And how was your weekend?  Here in south-central Kansas, our weekend was lovely.  Friday was warm and sunny, albeit a bit windy.  We headed straight to a big old park right in the Riverside neighborhood after school.


The city replaced all the cool old playground equipment at all the parks.  This poor, closed-up, slideless rocket is all that remains, a ghost of fun and scary playtimes past.


Saturday morning, Little Sis and I drove back to Riverside, where we met her Daisy Scout troop at Botanica.  Everything was in beautiful bloom, maybe even more so than last week.






After we ate lunch at home, we headed back to Riverside to visit the Keeper of the Plains.  Big Sis brought her camera, Little Sis brought her sketch pad.  We walked, we clicked, we drew.  We even witnessed a wedding, which was happening at the Keeper's feet as we were walking back across the bridge!






We were so overheated after our walk - it was almost 90 degrees outside! - that the girls came home and ran in the sprinkler for a while.  Sunday morning, we attended a lovely Palm Sunday service at church, then the girls ran home and played in the sprinkler again.  As they changed clothes for lunch, a storm rolled into town.  The temperature dropped.  We went to a birthday party.  The temperature dropped again.  We went to see a super live production of Into The Woods downtown.  It was getting very cold.

This was the view out my front door this morning.  Ah, Kansas.  If you don't like the weather, wait five minutes.  It will change.



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Thursday, April 10, 2014

Emily Dickinson In Picture Books


While gathering books from the library for Women's History Month, I came across two picture books about poet Emily Dickinson.  I had so many books to cover for WHM already, but I decided to wait until April to read these with the girls.  After all, what is National Poetry Month without a little Emily Dickinson?

My Uncle Emily by Jane Yolen, illustrated by Nancy Carpenter.
Philomel, 2009.

We checked My Uncle Emily out before, but the girls were small enough that they don't remember.  Since that time, the book appears to have gone out of print, which is such a shame.  Jane Yolen is such a wonderful writer, and she takes a small amount of known information about her subject and imagines a day in the life of Dickinson and her young nephew.


Thomas Gilbert Dickinson, called Gib, lived with his family next door to the Dickinsons in Amherst.  He and his "Uncle" Emily were especially close.


In real life, it is known that Emily gave Gib a poem and a dead bee to take to his teacher at school.  Emily Dickinson was already very reclusive, but she was popular with children.  She would often lower a basketful of gingerbread from her bedroom window for the neighborhood kids.



Yolen imagines a scenario in which another boy picks a fight with Gib over Emily and her strangeness.  Both boys wind up in trouble and are punished.  However, when the time comes to write "thank you" notes to Emily, the naughty boy's note, written in verse, is one of the best of the bunch.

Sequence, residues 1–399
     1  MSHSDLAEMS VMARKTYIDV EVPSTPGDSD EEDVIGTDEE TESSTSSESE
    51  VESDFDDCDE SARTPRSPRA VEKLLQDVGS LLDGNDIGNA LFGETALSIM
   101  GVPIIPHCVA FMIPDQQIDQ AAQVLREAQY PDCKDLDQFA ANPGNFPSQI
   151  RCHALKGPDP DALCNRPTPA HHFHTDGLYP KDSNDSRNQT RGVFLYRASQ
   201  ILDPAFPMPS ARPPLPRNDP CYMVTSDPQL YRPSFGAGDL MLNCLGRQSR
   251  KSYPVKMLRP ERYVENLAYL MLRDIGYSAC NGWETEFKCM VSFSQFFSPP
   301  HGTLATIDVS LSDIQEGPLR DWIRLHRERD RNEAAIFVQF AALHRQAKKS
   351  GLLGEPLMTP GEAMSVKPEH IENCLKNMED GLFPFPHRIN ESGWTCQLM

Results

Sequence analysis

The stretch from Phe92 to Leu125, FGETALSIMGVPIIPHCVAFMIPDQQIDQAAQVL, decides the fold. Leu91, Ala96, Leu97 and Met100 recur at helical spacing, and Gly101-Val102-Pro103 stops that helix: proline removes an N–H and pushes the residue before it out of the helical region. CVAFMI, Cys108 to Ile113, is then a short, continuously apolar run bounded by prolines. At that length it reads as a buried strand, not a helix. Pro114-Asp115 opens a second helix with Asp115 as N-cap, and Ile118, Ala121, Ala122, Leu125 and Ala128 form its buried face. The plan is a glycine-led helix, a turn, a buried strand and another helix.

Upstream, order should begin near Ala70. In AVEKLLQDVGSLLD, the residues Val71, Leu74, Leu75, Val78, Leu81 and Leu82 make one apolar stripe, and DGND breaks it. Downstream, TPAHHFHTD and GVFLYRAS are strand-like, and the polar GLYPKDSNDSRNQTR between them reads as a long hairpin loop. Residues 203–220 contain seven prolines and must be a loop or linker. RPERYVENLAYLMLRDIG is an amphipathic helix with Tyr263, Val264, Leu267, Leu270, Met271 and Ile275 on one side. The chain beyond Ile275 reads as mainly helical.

Gib tells his older brother about the incident.  He warns Gib not to tell Uncle Emily, as it might spoil the day. Instead, Gib recounts the day as a success, leaving out the fight.  Emily knows Gibb too well, though, and asks him to tell her what else happened that day.  Gibb runs outside in tears.  Later, Emily finds him, and presents him with one of her most famous poems.



I remember that the first time I checked out this book, it was to see more of Nancy Carpenter's work.  As you can tell from these pictures, she is a fabulous illustrator of picture books - one of my favorites.  In the author's notes, we discover that young Gib died of typhoid only two years after bringing the bee poem to school.  You can read more about Jane Yolen's writing of the book here.

Emily and Carlo by Marty Rhodes Figley, illustrated by Catherine Stock.
Charlesbridge, 2011.
 Another beloved companion of Emily Dickinson was her dog, a Newfoundland named Carlo, after a dog in Jane Eyre.  


Emily and Carlo tells how Emily Dickinson was happy to spend her days at home, writing poetry.  When she was 19, however, the house seemed very empty.  Her sister went away to school, while her brother was busy at college.  Her father presented her with a large puppy to keep her company.


The book quotes letters and poems Emily wrote, referring to her beloved pet.  With Carlo, Emily found the courage to go into town and take walks in the countryside.


Gib and his older siblings make an appearance in the story.  When Emily's brother married, he built his grand house, The Evergreens, next door to the Dickinson family home.  Carlo loved to play with the children.



When the pair stayed at home, she would write poems, such as this one.


Emily and Carlo were only separated when Emily had to go away to see a doctor for her eyes.  She did not want Carlo to be confined in the small room where she knew she'd be staying.

Eventually, the inevitable happened.  Carlo grew old and slow, and eventually, he died.



Emily Dickinson never had another dog.  She seldom left her house now, but the memory of Carlo and their explorations lingered in her poetry.

Emily and Carlo is a touching story about the love of a pet, and the use of Dickinson's own words is lovely. Let's not forget to give a shout-out to the artist, too!  Catherine Stock, who also illustrated The Daring Miss Quimby (featured here last month), is marvelous.

For more on Emily Dickinson, visit the Emily Dickinson Museum website.  You can also find her poetry on Poets.org, the website for the Academy of American Poets.